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Termination of Tenant-Shareholder’s Proprietary Lease for Objectionable Conduct Must Follow Procedures in the Lease

The right of a Cooperative to terminate a tenant-shareholder’s proprietary lease and eventually eject the tenant-shareholder from occupancy is a powerful one, but it must be exercised in accordance with the procedures set forth in the proprietary lease. In 811 Walton Tenants Corp. v. 811 Walton Rescue LLC, 60 Misc. 3d 133(A), 2018 N.Y. Misc. LEXIS 2608 (App. Term 1st Dep’t July 2, 2018), the proprietary lease provided that a tenant-shareholder’s lease could be terminated upon “obtaining authorization by a vote of two-thirds of the board of directors at a meeting called for that purpose.”  The court found that this procedure required under the proprietary lease had not been followed.  In the absence of the required vote at a duly convened meeting, the board was not empowered to terminate the proprietary lease.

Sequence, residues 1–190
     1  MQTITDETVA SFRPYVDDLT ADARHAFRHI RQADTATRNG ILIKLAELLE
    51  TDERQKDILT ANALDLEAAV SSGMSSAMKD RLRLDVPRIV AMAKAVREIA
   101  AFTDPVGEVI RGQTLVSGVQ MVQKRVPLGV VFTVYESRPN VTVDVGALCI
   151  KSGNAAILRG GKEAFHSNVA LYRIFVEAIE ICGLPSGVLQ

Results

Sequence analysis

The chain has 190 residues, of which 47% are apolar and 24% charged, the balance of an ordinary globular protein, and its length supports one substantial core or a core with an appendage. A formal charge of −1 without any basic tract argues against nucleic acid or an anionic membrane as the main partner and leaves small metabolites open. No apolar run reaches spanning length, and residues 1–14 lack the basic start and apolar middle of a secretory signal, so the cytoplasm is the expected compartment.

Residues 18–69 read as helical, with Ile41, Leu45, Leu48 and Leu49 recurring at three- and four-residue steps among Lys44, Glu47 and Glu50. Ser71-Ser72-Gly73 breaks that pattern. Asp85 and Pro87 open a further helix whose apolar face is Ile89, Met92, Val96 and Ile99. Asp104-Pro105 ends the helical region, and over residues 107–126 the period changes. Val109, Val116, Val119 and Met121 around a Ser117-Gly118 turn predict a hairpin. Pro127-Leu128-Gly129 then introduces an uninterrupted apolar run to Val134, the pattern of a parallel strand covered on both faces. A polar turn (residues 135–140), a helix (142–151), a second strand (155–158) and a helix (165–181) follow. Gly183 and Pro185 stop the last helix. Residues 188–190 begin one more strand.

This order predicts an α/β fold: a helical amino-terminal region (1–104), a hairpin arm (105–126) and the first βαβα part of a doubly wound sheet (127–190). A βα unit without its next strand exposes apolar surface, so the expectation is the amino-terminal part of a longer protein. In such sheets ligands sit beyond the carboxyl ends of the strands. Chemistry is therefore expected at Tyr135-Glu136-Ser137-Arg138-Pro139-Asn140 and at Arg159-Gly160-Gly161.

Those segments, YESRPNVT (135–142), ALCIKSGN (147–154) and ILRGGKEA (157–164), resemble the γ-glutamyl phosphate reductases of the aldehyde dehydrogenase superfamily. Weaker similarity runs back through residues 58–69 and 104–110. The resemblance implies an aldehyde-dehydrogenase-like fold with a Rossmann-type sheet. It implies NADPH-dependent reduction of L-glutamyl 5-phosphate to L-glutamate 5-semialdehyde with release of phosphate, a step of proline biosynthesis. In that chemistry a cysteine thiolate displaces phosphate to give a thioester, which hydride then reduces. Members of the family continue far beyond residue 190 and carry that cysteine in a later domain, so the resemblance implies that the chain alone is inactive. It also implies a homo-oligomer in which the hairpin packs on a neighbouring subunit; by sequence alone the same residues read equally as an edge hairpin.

In Marjosh Management Corp. v. Aulicino, NYLJ Apr. 2, 2018 (Civ. Ct. Kings Co.), the cooperative’s proprietary lease provided that the proprietary lease could be terminated “[i]f at any time the Lessor shall determine, upon the affirmative vote of 65 percent of its then Board of Directors, at a meeting duly called for that purpose, that because of objectionable conduct on the part of the Lessee, or of a person dwelling or visiting in the apartment, repeated after written notice from the Lessor, the tenancy of the lessee is undesirable.”  The Board sent the tenant-shareholder letters notifying him of a special board meeting at which termination of his proprietary lease would be considered.  However, the letters did not refer to any prior written notice that the tenant-shareholder was engaged in objectionable conduct, or continuation of the objectionable conduct after such notice.  Because the Board “failed to establish compliance with the contractual notice provisions of the proprietary lease” before it voted to terminate the tenancy and commenced litigation, the proprietary lease termination was invalid.  These cases are a reminder that boards considering terminating a tenant-shareholder’s proprietary lease should consult closely with counsel to ensure that they satisfy all the procedural steps required before doing so.